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Eli Lilly increases investment to almost $1bn for new Irish manufacturing facility

The biologics manufacturing site is expected to create more than 300 highly skilled jobs

Eli Lilly

Eli Lilly has said it will be doubling the planned investment in its new biologics manufacturing facility in Ireland, bringing the total spend up to almost $1bn.

The company originally announced its plans to build the Limerick-based facility in January 2022, which it anticipates will be its ‘most technically advanced manufacturing site to date’.

Lilly said the site will utilise ‘the latest biologics manufacturing technology’, including advanced data collection and analysis systems that will deliver improvements in safety and quality, along with increased productivity and process performance.

Construction of the new 500,000 sq. ft. facility is currently underway at national development agency IDA’s business park in Raheen and is expected to create more than 300 highly skilled jobs across areas including engineering, scientists and operations.

IDA Ireland interim chief executive officer, Mary Buckley, said: “Eli Lilly has had a presence in Ireland for over 40 years and this significant investment, adding further biologics drug substance manufacturing to its already substantial Irish operations and jobs, underscores the strategic importance of Ireland in Eli Lilly’s global operations.”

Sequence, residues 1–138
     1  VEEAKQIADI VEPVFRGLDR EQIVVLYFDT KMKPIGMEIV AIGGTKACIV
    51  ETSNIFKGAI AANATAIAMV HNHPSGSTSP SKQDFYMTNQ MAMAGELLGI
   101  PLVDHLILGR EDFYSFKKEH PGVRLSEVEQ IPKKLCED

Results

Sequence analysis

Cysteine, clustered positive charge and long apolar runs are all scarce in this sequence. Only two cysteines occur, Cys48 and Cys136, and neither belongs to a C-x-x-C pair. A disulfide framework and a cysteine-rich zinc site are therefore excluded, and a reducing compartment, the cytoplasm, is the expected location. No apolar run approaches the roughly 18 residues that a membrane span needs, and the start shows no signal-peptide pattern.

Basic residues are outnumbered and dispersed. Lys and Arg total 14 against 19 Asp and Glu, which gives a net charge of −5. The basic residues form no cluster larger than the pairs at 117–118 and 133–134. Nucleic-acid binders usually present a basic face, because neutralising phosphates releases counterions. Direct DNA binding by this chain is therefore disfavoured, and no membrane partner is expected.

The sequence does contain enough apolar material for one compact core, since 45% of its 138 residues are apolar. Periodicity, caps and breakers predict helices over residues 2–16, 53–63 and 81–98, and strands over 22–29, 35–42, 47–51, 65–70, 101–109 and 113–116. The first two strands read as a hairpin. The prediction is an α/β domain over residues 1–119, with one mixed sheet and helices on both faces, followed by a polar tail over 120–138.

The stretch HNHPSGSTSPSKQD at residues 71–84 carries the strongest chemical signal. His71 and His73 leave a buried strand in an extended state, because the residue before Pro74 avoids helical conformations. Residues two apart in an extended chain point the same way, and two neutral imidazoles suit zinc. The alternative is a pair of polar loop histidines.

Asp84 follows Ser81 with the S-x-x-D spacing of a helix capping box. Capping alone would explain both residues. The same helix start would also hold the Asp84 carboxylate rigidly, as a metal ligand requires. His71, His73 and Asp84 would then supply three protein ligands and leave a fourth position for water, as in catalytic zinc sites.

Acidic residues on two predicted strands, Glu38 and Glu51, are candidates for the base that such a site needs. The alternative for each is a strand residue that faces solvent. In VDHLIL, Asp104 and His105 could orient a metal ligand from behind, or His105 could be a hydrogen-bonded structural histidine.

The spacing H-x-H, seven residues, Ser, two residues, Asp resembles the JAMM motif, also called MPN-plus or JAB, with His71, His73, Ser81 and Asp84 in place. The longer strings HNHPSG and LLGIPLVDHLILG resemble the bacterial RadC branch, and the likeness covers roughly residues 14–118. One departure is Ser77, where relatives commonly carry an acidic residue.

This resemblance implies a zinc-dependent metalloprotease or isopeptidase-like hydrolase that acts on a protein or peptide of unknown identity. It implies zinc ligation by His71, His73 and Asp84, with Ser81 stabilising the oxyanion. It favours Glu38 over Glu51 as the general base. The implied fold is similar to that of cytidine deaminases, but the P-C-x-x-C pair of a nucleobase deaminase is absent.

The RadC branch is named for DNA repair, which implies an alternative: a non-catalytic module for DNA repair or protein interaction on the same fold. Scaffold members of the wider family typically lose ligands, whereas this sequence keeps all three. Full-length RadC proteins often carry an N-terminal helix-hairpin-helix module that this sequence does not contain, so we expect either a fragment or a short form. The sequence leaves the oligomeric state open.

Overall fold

Lilly made its first investment in Ireland in 1978 and currently employs more than 2,700 people in Cork, where it has a large manufacturing campus in Kinsale, as well as a Global Business Solutions Centre in Little Island.

The company cited an ‘increased demand’ for existing products when it announced its plans for the Limerick facility, adding that the site would play a key role in the manufacture of its clinical pipeline products, including its Alzheimer’s portfolio.

Its experimental Alzheimer’s drug, donanemab, was rejected for accelerated approval by the US Food and Drug Administration in January this year due to the company not submitting enough trial data from patients with at least 12 months of drug exposure.

Lilly outlined in a statement that its phase 3 TRAILBLAZER-ALZ 2 trial remains ongoing, with the top line data – expected in the second quarter of this year – set to form the basis of donanemab's application for traditional approval.

Lilly entered into a partnership with Roche last week to develop a blood test for Alzheimer’s disease which, if approved, could help streamline the journey to diagnosis for more patients.

Article by
Emily Kimber

29th March 2023

From: Research, Sales



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